Golden State Warriors named Sports Business Journal's Franchise of the Decade

Key Points
  • The Golden State Warriors is named the Sports Business Journal Franchise of the Decade.
  • The team has recently opened the first and only privately funded sports arena, the $1.4 billion Chase Center in San Francisco.
  • Since being purchased for $450 million in 2010 by Joe Lacob and Peter Guber, the team has amassed a 478-262 record and is reportedly worth $3.5 billion.
Stephen Curry #30 of the Golden State Warriors celebrates against the Miami Heat during the second half at American Airlines Arena on February 27, 2019 in Miami, Florida.
Michael Reaves | Getty Images

SAN FRANCISCO — The Golden State Warriors has been named "Franchise of the Decade" by Sports Business Journal, a prestigious industry award that recognizes the best overall franchise across all sports in the last 10 years.

Owned by Joe Lacob, a partner at venture capital firm Kleiner Perkins, and Mandalay Entertainment Group CEO Peter Guber, the Warriors amassed a 478-262 record since the new owners purchased the team in November 2010 for $450 million.

The Warriors have appeared in five consecutive NBA Finals, the first team to do so since the Boston Celtics in 1957, winning three championships since 2010, and tied the Celtics by accumulating the best six-season stretch with a 373-119 record.

"It's a huge recognition for all the work that people have put into this organization this decade," Warriors president Rick Welts said in an interview with CNBC.

Welts, who joined the team in 2011, presides over a franchise that recently opened the first and only privately funded sports arena, the $1.4 billion Chase Center in San Francisco, which reportedly has commitments for $2 billion in tickets before opening its doors. According to The Athletic, the team is expected to gross roughly $700 million annually.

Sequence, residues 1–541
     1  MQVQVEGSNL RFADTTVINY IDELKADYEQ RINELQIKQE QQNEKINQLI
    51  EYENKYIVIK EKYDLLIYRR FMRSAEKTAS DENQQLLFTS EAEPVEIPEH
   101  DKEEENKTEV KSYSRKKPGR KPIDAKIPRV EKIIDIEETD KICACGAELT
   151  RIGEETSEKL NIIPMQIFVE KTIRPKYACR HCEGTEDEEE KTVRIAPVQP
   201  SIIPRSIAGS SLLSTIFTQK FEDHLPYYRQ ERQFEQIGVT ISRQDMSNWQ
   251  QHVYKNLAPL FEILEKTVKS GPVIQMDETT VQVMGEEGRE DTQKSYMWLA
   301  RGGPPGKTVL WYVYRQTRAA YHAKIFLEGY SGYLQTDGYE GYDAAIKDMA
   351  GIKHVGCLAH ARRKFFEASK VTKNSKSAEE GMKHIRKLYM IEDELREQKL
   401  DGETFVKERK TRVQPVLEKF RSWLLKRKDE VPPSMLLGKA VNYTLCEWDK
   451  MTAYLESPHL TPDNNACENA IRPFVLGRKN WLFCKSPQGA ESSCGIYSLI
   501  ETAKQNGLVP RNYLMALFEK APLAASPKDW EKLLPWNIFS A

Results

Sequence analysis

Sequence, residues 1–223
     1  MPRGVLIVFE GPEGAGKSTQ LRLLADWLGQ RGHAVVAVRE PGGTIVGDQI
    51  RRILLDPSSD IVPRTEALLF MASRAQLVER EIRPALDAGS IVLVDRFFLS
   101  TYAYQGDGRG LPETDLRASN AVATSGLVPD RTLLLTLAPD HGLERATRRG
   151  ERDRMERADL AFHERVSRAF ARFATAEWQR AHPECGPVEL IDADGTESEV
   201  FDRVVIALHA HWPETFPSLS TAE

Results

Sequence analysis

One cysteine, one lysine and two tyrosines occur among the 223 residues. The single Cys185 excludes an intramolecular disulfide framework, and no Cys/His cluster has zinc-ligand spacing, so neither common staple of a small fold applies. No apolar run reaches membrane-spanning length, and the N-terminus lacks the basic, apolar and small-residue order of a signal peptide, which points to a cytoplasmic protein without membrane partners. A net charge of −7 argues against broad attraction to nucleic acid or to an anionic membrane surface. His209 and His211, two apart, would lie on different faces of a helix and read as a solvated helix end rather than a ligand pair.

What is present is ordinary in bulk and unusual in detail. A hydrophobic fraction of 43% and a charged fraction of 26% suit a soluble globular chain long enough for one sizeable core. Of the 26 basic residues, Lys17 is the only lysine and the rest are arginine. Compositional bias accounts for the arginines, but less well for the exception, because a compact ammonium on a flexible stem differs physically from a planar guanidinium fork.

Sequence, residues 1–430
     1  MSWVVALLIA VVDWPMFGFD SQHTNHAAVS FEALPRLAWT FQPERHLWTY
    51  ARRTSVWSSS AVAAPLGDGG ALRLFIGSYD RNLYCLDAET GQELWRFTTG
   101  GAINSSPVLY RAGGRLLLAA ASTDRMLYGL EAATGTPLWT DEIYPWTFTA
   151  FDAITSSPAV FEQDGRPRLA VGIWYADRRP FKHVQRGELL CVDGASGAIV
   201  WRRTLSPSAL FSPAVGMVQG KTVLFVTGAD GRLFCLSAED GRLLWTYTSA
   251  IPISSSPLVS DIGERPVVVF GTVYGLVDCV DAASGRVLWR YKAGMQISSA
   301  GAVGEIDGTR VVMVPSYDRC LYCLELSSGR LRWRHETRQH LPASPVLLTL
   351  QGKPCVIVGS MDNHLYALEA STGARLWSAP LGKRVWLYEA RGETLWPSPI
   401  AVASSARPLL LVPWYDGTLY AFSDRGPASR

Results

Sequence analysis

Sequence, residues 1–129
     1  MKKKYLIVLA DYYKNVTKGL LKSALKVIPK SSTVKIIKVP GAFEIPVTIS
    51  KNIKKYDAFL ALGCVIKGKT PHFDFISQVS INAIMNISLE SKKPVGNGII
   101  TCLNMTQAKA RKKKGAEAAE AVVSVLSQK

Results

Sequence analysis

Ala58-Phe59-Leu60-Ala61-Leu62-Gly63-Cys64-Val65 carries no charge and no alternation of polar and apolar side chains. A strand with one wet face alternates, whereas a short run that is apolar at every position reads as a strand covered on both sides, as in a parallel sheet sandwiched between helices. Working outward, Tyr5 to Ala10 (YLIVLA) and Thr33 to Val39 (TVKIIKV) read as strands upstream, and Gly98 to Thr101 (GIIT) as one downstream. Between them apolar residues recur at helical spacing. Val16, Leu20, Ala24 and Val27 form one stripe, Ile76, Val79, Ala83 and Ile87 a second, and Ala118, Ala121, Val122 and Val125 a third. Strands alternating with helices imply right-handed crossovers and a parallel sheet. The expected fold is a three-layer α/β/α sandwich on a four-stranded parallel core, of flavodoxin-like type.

Welts made sure to mention critical names who helped the organization's turnaround over the last 10 years, including former head coach Mark Jackson, whom he credited for transforming the Warriors' losing mentality before current head coach Steve Kerr took the helm.

"We went from being a team that when they were ready to play expected to lose, to a team that believed they had first had a chance to win and then expected to win," Welts said when discussing Jackson. "That's a gigantic shift in the culture of the Warriors."

Welts also praised Warriors guard Stephen Curry, the team's face of the franchise. Curry, the two-time Most Valuable Player and six-time All-Star, signed the second-highest contract in NBA history — a five-year deal, valued at roughly $201 million, in 2017. Curry's contract trails only Houston Rockets guard Russell Westbrook at a total value of $206 million.

"When your best player is not only the athlete and talent that he is," Welts said, "but also the person that he is, you've got a heck of a head start in trying to create something special."

According to Forbes, the Warriors is worth $3.5 billion, the third-most-valuable NBA franchise and 10th-most-valuable sports team in the world. The team was also named SBJ's Team of the Year in 2014 and 2016.